And I don't know where Poblano thinks that right wing attacks against her have ever ceased. The Republicans slowed down a bit because the traditional smears were taken over by the progressive left, who took it further than they ever dared.


    What is this with "the attacks against her (5.00 / 9) (#109)
    by derridog on Wed Aug 20, 2008 at 07:01:34 PM EST
    ceased in February."  You and whoever started this meme must live in an alternate universe.   If so, I have a question. Are my socks there?

    How about the kitchen sink smear.... (5.00 / 3) (#160)
    by Maria Garcia on Wed Aug 20, 2008 at 07:48:51 PM EST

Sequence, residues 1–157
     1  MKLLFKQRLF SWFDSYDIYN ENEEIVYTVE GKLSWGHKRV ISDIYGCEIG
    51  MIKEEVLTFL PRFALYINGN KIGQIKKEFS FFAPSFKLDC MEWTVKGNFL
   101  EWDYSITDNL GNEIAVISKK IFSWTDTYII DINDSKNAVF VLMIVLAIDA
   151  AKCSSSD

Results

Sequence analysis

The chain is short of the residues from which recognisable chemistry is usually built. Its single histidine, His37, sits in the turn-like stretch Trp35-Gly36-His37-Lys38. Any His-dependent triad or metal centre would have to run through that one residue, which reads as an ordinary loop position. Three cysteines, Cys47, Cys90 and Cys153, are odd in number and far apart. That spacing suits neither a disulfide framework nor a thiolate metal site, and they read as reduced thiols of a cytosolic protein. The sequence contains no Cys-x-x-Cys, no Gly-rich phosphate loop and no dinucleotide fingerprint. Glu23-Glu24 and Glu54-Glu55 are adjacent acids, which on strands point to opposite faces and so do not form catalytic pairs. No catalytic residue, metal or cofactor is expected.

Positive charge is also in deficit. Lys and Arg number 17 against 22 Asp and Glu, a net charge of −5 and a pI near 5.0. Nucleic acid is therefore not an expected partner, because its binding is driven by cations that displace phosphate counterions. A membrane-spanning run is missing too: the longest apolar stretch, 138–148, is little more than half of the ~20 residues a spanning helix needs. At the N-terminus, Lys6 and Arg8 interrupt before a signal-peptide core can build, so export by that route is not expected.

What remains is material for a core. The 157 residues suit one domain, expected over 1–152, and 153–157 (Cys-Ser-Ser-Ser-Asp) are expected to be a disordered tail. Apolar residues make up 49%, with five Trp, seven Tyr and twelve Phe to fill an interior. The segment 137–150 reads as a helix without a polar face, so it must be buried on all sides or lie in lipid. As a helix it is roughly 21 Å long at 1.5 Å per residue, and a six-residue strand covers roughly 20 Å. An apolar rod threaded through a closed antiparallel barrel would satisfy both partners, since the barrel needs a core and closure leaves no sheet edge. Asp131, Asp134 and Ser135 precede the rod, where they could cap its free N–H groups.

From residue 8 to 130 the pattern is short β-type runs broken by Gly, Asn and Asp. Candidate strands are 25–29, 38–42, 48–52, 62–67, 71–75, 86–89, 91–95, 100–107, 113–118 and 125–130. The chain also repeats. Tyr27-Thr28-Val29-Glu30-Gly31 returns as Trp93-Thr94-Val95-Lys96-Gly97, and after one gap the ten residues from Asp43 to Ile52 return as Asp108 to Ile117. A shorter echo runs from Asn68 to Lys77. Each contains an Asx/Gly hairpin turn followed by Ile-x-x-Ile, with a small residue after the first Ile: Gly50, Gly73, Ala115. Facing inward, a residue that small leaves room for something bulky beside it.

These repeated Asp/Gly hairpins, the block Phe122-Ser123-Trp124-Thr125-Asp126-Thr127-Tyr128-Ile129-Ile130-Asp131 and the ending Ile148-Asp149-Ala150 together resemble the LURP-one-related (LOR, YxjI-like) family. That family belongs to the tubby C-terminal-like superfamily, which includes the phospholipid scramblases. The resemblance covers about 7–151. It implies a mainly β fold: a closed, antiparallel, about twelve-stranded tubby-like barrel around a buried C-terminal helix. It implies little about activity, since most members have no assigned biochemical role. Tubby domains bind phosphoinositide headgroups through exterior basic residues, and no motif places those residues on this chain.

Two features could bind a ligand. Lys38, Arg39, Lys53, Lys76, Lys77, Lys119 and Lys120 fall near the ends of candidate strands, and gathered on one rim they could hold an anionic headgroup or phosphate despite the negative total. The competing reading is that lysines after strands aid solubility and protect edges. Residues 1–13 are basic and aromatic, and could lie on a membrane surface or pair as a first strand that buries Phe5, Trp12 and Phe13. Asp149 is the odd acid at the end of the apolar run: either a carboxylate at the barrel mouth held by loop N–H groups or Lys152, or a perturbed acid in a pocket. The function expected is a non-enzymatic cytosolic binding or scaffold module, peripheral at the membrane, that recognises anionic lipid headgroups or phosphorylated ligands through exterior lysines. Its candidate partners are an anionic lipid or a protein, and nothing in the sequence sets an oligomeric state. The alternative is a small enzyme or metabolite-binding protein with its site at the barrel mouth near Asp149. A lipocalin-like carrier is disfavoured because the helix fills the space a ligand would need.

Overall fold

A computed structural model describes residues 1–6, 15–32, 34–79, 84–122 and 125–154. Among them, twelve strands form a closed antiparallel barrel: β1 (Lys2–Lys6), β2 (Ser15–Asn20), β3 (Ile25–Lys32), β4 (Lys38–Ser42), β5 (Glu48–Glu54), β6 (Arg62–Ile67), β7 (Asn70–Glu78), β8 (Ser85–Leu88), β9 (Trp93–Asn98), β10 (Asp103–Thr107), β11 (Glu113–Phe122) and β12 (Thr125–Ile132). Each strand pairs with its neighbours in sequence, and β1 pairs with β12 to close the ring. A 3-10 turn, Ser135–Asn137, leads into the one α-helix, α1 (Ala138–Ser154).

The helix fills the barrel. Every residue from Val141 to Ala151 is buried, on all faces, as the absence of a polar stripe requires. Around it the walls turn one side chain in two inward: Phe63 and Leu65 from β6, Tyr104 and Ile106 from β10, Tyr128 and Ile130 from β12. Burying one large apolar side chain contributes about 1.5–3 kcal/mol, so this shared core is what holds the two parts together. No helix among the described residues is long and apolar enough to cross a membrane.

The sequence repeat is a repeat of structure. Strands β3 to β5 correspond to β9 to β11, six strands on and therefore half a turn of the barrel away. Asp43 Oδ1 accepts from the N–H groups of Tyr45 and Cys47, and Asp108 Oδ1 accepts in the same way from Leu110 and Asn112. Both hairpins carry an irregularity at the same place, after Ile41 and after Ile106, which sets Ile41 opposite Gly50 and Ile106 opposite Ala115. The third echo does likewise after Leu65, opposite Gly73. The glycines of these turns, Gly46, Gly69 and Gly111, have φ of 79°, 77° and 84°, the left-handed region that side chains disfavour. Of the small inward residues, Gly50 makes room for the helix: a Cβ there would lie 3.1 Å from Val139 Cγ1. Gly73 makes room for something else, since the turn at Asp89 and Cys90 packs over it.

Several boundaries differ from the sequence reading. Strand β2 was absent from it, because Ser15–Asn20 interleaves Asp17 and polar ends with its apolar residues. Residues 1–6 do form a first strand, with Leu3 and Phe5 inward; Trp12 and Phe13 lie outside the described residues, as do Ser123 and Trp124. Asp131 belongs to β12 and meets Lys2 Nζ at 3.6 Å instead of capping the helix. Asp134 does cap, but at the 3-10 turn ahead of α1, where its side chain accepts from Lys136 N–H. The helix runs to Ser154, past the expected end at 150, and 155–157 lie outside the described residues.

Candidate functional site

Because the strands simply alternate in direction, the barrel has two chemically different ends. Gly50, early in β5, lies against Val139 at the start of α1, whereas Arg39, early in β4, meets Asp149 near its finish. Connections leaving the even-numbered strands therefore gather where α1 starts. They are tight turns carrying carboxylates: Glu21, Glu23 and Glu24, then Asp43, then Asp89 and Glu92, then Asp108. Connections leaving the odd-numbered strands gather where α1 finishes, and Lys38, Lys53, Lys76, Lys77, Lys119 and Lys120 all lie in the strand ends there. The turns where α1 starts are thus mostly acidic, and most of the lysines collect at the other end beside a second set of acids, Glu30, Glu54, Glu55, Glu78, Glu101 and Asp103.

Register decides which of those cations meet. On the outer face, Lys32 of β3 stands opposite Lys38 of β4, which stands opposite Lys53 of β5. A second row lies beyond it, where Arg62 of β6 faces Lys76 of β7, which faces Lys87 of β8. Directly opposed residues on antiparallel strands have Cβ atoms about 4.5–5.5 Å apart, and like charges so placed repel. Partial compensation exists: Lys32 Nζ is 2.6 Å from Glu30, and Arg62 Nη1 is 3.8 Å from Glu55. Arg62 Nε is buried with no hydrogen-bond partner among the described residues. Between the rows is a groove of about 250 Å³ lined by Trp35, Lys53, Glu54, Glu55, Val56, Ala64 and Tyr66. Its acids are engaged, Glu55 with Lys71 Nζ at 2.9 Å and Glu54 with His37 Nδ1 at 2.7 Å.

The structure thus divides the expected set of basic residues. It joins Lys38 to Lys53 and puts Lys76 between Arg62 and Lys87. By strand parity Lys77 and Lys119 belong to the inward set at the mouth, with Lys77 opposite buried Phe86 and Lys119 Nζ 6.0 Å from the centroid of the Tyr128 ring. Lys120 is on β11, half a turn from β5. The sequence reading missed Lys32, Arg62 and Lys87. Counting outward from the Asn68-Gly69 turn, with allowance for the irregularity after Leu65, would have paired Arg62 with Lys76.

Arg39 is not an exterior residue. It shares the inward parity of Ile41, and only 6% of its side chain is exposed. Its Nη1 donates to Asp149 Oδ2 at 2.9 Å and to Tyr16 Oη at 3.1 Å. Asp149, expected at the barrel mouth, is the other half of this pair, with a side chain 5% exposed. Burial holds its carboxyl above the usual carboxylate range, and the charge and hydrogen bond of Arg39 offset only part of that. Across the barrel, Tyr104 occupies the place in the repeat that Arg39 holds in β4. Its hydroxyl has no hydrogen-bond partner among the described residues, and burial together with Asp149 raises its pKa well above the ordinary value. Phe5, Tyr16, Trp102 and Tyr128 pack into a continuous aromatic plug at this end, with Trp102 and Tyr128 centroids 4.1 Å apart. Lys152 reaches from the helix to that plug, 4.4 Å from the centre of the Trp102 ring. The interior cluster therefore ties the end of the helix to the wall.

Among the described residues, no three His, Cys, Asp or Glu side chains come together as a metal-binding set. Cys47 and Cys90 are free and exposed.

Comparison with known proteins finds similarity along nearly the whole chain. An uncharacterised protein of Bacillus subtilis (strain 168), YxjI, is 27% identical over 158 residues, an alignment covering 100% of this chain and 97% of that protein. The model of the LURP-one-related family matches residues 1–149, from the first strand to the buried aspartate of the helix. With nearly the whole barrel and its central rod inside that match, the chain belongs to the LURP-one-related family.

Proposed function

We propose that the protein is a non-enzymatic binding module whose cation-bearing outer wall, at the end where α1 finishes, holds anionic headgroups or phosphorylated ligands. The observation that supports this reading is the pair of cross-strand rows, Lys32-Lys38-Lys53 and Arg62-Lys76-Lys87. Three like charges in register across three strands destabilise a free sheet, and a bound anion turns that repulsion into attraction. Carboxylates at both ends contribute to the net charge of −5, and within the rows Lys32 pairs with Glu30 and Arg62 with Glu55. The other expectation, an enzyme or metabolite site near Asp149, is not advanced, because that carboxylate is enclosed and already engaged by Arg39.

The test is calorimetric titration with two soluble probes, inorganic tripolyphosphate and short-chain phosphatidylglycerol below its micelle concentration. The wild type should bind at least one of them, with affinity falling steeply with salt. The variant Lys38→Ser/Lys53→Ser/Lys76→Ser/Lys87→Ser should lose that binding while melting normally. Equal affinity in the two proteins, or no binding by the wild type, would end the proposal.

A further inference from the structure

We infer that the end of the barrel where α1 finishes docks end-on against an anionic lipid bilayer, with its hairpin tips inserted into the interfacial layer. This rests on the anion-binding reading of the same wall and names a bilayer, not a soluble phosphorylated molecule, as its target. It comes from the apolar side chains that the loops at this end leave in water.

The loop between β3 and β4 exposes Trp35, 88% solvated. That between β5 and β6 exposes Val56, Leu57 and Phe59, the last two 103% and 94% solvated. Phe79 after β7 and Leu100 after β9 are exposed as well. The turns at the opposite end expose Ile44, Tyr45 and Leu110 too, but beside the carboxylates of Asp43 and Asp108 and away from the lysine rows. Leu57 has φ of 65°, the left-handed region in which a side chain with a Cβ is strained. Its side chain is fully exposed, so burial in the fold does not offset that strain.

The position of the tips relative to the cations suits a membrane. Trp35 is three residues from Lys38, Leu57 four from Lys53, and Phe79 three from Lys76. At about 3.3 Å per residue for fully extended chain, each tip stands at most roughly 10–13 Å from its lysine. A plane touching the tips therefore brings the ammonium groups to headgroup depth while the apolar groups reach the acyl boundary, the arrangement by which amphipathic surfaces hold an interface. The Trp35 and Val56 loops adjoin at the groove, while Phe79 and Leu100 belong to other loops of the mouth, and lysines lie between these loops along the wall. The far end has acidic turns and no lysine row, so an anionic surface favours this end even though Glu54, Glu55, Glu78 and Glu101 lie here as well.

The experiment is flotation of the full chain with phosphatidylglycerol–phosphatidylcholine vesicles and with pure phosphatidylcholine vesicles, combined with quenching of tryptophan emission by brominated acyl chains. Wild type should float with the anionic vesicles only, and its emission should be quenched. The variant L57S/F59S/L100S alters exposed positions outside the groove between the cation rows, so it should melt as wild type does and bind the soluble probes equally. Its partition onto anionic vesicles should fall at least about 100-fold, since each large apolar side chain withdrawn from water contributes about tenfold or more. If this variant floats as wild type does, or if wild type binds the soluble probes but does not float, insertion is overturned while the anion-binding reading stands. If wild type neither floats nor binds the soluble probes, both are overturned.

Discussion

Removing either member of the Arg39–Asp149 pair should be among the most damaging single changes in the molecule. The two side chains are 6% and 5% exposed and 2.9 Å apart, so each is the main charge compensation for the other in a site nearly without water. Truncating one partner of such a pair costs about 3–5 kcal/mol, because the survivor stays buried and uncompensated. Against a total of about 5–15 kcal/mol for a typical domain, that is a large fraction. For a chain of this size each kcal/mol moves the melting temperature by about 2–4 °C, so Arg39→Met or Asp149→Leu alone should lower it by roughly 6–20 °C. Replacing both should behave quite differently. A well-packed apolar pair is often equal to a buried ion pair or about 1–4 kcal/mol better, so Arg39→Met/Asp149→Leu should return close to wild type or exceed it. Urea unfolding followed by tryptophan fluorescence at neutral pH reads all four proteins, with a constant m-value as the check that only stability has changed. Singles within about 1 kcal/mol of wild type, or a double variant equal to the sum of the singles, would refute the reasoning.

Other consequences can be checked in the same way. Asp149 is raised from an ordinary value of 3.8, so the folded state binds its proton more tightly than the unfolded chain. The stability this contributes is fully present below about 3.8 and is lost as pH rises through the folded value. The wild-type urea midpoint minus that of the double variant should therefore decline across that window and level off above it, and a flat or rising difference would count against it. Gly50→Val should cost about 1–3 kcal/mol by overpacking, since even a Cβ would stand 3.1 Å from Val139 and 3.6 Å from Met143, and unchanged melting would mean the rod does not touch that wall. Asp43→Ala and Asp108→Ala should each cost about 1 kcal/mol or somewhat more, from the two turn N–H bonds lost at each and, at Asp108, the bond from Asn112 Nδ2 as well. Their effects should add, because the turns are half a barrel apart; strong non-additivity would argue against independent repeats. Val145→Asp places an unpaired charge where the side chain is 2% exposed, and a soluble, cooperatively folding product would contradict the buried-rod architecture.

...and the Bosnia flap? Those were in March.

    If you think the "attacks ceased (5.00 / 3) (#172)
    by angie on Wed Aug 20, 2008 at 07:56:17 PM EST
    in February" meme is bad -- the Nation reported today in the story on what bosom buddies Obama & Hillary are that "when things got nasty, Obama stepped in and defended Hillary." Now THAT is some revisionist history.

    By the Republicans (none / 0) (#177)
    by MKS on Wed Aug 20, 2008 at 08:00:33 PM EST
    is what I said....

    MKS, You're Missing the Whole Point (none / 0) (#161)
    by creeper on Wed Aug 20, 2008 at 07:49:08 PM EST
    Yes, Hillary is a "team player."

    She's also vastly more qualified to be POTUS than Barry.  To have her on the ticket in second place is a travesty.


    No Barry here (3.00 / 2) (#194)
    by Big Tent Democrat on Wed Aug 20, 2008 at 08:13:15 PM EST
    Barack or Obama. No Barrys.

    ABC News now reporting Tubbs-Jones has (5.00 / 3) (#35)
    by athyrio on Wed Aug 20, 2008 at 06:17:52 PM EST